How do you pick your rent or buy budget? Do you do research on what you want and the prices of these offerings or do you just pick a number?
I will be honest, I might own seven houses, but I am CHEAP! It’s why we were willing to downsize allowing us to save $1,000 a month during my husband’s deployment. While being cheap has been good a good idea for us it has also hindered expansion on our homes.
The reason for that is because I have picked a number based on previous markets and gone in with not wanting to pay that amount. Now I spend all my time looking for unrealistic expectations instead of what the market offers. Scratching your head yet? Sounding familiar? Lets take a step back…
How do you pick your budget? Do you compare it to BAH rates or the neighborhood rates? Do you look at the utility costs in your area or do you evaluate what houses are offered versus the cost? I ask this because so often I see both potential renters or buyers asking for absolutely unrealistic expectations.
Think of it like only packing snow gear for Sydney, Australia at Christmas. Australia is on the opposite season that we are on, so that means it’s summer and you would be very out of place. Picking your budget is no different! Don’t do what I did the first time, be a conscious budget setter.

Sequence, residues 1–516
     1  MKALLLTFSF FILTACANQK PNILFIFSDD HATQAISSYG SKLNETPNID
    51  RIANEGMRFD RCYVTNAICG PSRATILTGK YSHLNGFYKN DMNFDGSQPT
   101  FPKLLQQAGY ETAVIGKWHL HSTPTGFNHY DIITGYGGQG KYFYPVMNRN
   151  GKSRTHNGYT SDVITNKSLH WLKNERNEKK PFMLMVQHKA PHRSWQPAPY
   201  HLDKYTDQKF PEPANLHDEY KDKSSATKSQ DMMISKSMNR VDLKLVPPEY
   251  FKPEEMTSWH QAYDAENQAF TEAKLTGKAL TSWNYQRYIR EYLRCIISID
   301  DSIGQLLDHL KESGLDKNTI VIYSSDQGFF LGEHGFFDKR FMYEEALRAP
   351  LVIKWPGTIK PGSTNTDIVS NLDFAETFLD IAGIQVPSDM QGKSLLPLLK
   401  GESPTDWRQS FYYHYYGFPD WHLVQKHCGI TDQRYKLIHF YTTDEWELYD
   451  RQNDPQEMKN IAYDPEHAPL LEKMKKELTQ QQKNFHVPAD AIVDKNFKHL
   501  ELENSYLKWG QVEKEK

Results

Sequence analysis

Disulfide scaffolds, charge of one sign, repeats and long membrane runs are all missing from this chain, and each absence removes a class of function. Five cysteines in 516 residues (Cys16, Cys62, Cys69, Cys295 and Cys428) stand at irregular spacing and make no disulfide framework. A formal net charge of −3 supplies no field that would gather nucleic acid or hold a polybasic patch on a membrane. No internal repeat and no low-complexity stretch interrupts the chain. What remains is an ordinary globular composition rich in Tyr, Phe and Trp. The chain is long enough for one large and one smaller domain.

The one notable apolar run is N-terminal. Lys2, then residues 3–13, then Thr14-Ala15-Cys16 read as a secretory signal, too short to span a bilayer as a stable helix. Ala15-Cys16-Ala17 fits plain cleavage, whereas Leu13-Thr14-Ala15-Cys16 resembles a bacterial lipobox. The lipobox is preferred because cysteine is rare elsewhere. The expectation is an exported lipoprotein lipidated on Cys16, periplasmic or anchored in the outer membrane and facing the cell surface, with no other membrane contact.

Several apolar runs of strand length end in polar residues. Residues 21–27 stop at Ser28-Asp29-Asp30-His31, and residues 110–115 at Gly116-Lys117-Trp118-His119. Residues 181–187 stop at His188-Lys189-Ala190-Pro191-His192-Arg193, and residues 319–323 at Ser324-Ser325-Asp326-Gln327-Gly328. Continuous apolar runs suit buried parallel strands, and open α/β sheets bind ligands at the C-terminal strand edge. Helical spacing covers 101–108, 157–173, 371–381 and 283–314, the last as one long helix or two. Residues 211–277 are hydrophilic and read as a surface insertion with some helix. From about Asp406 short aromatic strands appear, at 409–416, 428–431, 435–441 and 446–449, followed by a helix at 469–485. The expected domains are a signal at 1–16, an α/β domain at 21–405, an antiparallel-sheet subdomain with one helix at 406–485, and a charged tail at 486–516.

How to Set a Better Budget:
1. Determine your needs.
How many bedrooms, bathrooms, etc. do you you have?
2. Determine What Neighborhood or School Zone You Want to Live in.
We all have that area where we want to raise a family or allow our kids to go to school in. For us, it has always been important to live in a great school district close to base.
3. What does your budget REALLY allow?
I have seen a lot of people moving from low to high housing cost. They create a number based on current goals and housing. Make sure you look at current housing amounts, and if you are in the military look at both current and future BAH rates.
Trust me, I get it! One of the biggest mistakes I’ve made is to go into a situation and say I want to spend no more than a specific amount on a house. In the case of our first house that was $200,000. The issue was no decent house that fit our criteria was less than $235,000. It took a failed house and $2,000 for us to realize our mistake.
The key to our success has been flexibility. We evaluate the area, decide if we can afford it, and then come up with a realistic budget for the house based on where we want to live. We still have gotten a great deal through lots of sweat equity, whether it has been a foreclosure that we fixed up, or a short sale. The key is to make sure you don’t get yourself in trouble by buying or renting a “cheap” house that costs more in the long run.
How do you determine your budget for buying a home?0